Saturday, May 17, 2003

What the Horse Said


I'm not sure why Eric Alterman feels the need to defend the "gentlemanly" John Fund. The truth of the physical abuse charges should be known and publicized. And, if Fund is innocent of them - in a legal or real sense, then that should be understood. But, if I get arrested for domestic abuse my name gets in the paper. If I'm a public figure and I get arrested for domestic abuse, my name gets in the paper with a follow-up article or two. If I'm a public figure who tried to smear a political opponent with completely baseless charges of domestic abuse I can expect a little bit more than that - which Fund didn't even receive.

It's hard to see how Fund was exactly piled on by either the liberal media or the SCLM. And, the recorded telephone transcripts of Fund with his then-girlfriend make clear that he was engaged in pretty vicious psychological abuse - cruel, dishonest, and manipulative. The idea that Fund is just this gentlemanly fellow who was just the innocent victim of an unreliable unstable accuser is a ridiculous mischaracterization given what we know. She may be unstable and unreliable, but Fund isn't exactly the pillar of stability or reliability either, whether or not he's actually been physically abusing anyone.

Eric also makes some unjustified cheap shots against the Horse by claiming they've been increasingly going over the line. Actually, as a long time Horse reader I can say they've toned down the act quite a bit since the early days, not entirely a good thing actually. They're always far more careful with their analyses or facts than is, say, Instahack, and frankly no more strident.

A couple Village Voice articles and a few liberal web sites commenting on the arrest of a prominent member of the WSJ editorial page is hardly a massive media witch hunt. Frankly, there was scant coverage of his arrest. Given that the WSJ has spent years smearing political opponents - living and dead, major public figures and extremely minor players - with false accusations about their personal and professional conduct, shining the light on actual criminal charges against Fund hardly seems unreasonable.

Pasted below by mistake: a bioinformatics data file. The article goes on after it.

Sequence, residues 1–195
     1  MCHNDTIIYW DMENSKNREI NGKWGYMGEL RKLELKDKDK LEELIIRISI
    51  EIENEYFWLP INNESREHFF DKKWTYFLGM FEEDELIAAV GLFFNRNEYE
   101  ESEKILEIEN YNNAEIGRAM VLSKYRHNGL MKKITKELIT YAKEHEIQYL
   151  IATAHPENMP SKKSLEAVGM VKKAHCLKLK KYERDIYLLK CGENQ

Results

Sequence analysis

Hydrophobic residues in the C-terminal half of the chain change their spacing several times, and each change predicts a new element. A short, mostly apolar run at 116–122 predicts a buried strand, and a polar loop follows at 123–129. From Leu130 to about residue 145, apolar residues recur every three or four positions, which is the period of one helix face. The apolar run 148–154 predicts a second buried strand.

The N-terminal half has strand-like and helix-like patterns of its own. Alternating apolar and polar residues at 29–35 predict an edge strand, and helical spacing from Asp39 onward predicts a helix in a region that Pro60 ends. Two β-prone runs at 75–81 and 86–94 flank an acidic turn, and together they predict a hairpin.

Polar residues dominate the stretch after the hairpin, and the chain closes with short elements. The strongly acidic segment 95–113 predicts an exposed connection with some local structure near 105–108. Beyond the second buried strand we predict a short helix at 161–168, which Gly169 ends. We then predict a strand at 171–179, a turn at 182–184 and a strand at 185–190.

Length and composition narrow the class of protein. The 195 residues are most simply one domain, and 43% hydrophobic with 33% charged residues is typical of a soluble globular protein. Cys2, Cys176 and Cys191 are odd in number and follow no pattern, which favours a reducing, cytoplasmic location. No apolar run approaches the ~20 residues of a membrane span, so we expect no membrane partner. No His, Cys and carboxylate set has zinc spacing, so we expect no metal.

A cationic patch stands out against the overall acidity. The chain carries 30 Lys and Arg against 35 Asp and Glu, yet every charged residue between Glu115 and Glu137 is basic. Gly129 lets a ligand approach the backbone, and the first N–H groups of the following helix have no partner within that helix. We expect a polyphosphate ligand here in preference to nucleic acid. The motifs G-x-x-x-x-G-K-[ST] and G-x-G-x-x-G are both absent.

In the end, I think people in the media have a tendency to want their own personal lives to be above scrutiny. Increasingly many journalists are justifiably called "public figures" much more than your average elected politician is. As the Funds of the world trade in gossip, smear , and innuendo at dinner parties, on the WSJ editorial page, or on any the various cable nets, they open themselves up to the same treatment. I'd never advocate being dishonest, unlike Fund, but whether or not he hit anyone Fund is a slimebucket who cruelly used verbal and psychological abuse to manipulate someone into getting an abortion. Defend him on the facts, but Alterman goes far beyond that.

David E. has some more comments.